Rush Limbaugh, Discuss Radio’s Conservative Provocateur, Dies at 70

Alone with his multitudes in his studio joked, scolded, twittered and burst out singing, mimicry or boo-hoos when “The Rush Limbaugh Show” broadcast over 650 stations on Premier Radio Networks, a subsidiary of iHeartMedia (formerly Clear Channel) Communication). In his alternate universe in the air, he was “El Rushbo” and “America’s Anchorman” in the “Southern Command” bunker of an “Excellence in Broadcasting” network.

For loyal “Dittoheads”, his defiantly self-deprecating followers, he was an indomitable patriot, an icon of wit and wisdom – Mark Twain, Father Coughlin and the founding fathers rolled into one. His political influence lies in the reactions he provoked, the avalanches of phone calls, emails and website anger, the headlines and the occasional praise or anger from the White House and Capitol Hill.

For critics, he was a hypocritical charlatan, the most dangerous man in America, a label he co-opted. And some critics insisted he had no real political power, just an intimidating, self-glorifying presence influencing an aging far-right fringe whose numbers, while impressive, were not big enough to sway the outcome of the national elections.

In any case, it was a commercial phenomenon that grossed $ 85 million a year. Married four times and divorced three times, he had no children and lived on a seaside estate in a 24,000-square-foot mansion. It contained oriental carpets, chandeliers, and a two-story, mahogany-paneled library of leather-bound collections. He had half a dozen cars, one costing $ 450,000, and a Gulfstream G550 jet valued at $ 54 million.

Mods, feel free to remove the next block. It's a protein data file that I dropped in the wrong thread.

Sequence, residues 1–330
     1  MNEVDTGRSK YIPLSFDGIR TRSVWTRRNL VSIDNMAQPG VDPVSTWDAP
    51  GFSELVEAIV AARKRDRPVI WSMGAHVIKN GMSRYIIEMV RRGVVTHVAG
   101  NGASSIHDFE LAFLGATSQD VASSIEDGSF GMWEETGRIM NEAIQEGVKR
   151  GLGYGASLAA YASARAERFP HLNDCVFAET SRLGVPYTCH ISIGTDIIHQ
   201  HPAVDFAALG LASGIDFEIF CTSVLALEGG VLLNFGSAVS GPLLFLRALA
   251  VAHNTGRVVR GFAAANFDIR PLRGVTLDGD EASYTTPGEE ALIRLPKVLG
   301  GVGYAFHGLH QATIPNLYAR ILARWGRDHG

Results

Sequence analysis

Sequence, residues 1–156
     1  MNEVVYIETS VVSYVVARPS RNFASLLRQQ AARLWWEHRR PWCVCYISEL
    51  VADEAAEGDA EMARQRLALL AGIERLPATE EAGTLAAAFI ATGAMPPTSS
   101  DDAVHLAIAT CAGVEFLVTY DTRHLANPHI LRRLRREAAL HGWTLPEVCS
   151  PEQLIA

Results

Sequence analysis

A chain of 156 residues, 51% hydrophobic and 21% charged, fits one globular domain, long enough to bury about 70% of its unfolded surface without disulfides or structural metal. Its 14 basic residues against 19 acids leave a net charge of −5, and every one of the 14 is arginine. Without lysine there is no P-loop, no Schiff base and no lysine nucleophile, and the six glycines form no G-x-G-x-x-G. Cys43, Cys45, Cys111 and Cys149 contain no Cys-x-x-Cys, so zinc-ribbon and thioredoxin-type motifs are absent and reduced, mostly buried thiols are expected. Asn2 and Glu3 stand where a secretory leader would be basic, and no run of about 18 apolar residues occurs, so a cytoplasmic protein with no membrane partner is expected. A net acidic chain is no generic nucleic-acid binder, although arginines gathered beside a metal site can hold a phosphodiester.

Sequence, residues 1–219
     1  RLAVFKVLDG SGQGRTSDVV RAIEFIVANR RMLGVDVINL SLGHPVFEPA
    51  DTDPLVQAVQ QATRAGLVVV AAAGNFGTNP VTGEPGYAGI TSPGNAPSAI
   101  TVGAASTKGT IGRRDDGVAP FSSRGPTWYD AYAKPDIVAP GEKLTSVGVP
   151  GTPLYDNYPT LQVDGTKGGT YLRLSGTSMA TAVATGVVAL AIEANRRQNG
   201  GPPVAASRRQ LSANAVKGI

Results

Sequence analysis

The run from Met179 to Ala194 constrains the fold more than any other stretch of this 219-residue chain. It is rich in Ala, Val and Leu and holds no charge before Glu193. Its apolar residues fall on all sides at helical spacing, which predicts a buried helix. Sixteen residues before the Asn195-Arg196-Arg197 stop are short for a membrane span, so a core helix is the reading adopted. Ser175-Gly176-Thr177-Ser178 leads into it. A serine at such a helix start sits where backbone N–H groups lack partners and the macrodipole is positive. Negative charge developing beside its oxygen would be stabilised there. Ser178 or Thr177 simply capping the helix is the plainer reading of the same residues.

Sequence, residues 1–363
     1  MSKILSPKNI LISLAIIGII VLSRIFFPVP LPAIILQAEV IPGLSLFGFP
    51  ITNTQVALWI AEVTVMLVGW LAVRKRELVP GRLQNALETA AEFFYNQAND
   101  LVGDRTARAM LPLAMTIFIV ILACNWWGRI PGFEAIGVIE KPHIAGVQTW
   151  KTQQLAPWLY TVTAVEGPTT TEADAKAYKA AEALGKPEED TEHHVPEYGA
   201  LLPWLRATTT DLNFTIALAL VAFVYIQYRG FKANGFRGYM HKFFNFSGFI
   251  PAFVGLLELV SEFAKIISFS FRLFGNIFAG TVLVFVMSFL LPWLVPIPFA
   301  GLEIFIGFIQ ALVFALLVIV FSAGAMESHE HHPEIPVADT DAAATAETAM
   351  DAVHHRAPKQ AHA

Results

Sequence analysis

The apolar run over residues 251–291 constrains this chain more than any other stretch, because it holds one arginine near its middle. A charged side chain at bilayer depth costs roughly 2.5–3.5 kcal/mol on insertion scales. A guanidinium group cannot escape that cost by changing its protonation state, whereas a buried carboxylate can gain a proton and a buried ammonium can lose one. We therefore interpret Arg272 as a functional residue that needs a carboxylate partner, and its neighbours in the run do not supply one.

He dropped $ 5,000 in tips at restaurants, adding to the grandiloquence of a proud college dropout, and was slightly caricatured himself: overweight all his life, sometimes over 300 pounds, a cigar smoker with a mischievous grin and sly eyes, straggly hair Mastodon’s forehead combed back. He moved his mass with surprising grace as he demonstrated an environmentalist gently hopping in a wooded area. But his voice was his brass ring – a brisk, quick staccato that erupted into squeaky dolphin talk or falsetto sobs to expose the benefactors, and dazzled America with its inventive, bloody vocabulary.

A full obituary will be published shortly.

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